Results of evaluation surveys at the Oct. 22, 2012 Field Day:

How likely are you to try some new grazing methods on your farm?
Very likely, Somewhat likely, Not likely
11, 5, 0

Have today’s presentations changed your opinion of grass-fed beef production?
More Positive, No Change, More Negative
9, 8, 0

How useful was the information you heard today?
Very, Some, Not
SARE program 10, 7, 0
Pasture mgmt. 13, 5, 0
NRCS prgs. 10, 5, 0
Grass-fed beef 11, 5, 0
Selling Meat 11, 1, 0

“Very helpful to talk with others and their use of grazing practices and see actual fields in production.”
“Well organized and very informative.”
“Good presenters and information.”

Impacts and Contributions/Outcomes

Results so far seem to point to a few things:

1) Bringing in a 600 lb. carcass with an 18-month-old grassfed beef animal is challenging, but not impossible. Bill McMillin is doing it the most consistently of any of the cooperators. He is quick to point out that his is a high-cost operation. He is using former dairy infrastructure and feeding a nearly dairy-quality forage ration to his beef cattle during the winter.

2) Weather extremes like north-east-central MN experienced last summer: flooding in May, worse flooding in June, extreme heat in July; took a noticeable toll on the performance of the cattle. Jewett’s cattle dressed out about 20% to 25% lighter than her historical average. Brown’s steers went later in age before finishing and being marketed.

3) The Grass farm shifted from spring calving in 2011 to more of a year-round calving in 2012. It’s not clear yet how the changing calving schedule will play out in terms of animal performance on an all-forage diet.

4) There’s no one right way to produce grass-fed beef. The four cooperators each have very different pasture and winter feeding systems, but all are marketing beef well before the 24-month mark that is sometimes used as a standard figure for age at slaughter for grass-fed beef; and are exceeding a 600 lb. carcass weight most of the time.

5) There appears to be some potential for genetic selection for improved performance of beef animals on an all-forage diet. I calculated a simple age-weight index from the hot carcass weight divided by the age in months at slaughter for each animal, and within the McMillin and Grass farms there is a wide range for that number.

Some data from the project so far:

McMillin farm:
2010 average carcass wt.: 632 lbs. (number of animals = 12)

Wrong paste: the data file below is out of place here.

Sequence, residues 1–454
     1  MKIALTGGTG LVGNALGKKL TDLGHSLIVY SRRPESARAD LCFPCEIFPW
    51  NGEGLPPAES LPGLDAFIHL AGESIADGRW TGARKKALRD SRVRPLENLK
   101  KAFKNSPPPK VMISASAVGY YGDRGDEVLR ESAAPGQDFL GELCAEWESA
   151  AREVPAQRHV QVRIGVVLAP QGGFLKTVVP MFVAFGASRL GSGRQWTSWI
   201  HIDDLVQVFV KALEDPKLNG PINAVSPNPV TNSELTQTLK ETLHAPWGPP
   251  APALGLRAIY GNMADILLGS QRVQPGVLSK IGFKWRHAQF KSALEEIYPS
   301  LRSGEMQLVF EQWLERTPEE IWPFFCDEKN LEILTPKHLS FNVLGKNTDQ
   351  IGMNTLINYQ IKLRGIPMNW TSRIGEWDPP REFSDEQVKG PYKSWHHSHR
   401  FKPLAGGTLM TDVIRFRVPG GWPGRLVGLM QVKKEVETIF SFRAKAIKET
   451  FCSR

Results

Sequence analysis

2011 average carcass wt.: 665 lbs. (number of animals = 14)
2012 average live wt. at slaughter: 1231 lbs.
2012 average hot carcass wt: 700 lbs.
2012 average age at slaughter: 16.9 months
2012 range of age-weight index (hot carcass wt/age in months): 34.4 to 52.1
2012-2013 winter feed RFV: avg. 162 for alfalfa and alfalfa/mixed hay (also fed haylage; avg. IVTDMD = 78%)

Brown farm:
2012 average live wt. at slaughter: 1201 lbs. (number of animals = 4)
2012 average hot carcass wt: 618 lbs.
2012 average age at slaughter: 20.7 months
2012-2013 winter feed RFV: avg. 90 for mostly grass hay

Grass farm:
2011-12 average live wt. at slaughter: 1172 lbs. (number of animals = 29; incl. heifers)
2011-12 average hot carcass wt.: 604 lbs.
2011-12 average age at slaughter: 20.8 months
2011-12 range of age-weight index (hot carcass wt/age in months): 20.4 to 40.9
2013 average live wt. at slaughter: 1274 lbs. (number of animals = 4; all steers)
2013 average hot carcass wt.: 632 lbs.
2013 average age at slaughter: 20.1 months
2012-2013 winter feed RFV: avg. 105 for several types of stored forage
(RFV range 65 to 143)

Jewett farm:
2010 average hot carcass wt: 644 lbs. (number of animals = 9; incl. heifers)
2010 average age at slaughter: 18.4 months
2011 average hot carcass wt: 592 lbs. (number of animals=10; incl. heifers)
2011 average age at slaughter: 18.2 months
2012 average hot carcass wt: 496 lbs. (number of animals=5; all steers)
2012 average age at slaughter: 17.1 months
2012-2013 winter feed RFV: avg. 108 for mostly grass hay

To view Betsey Weiland’s photos of this project, visit


Edgar Brown

Edgar Brown Farm
41184 Co. Rd. 43
Willow River, MN 55795
Office Phone: 2183723930
Jake Grass

[email protected]
Grass Meadows Farm
25505 Liberty Rd.
Pine City, MN 55063
Office Phone: 3206293951
Bill McMillin

[email protected]
Bill McMillin Farm
59751 Hwy. 42
Kellogg, MN 55945
Office Phone: 5077673310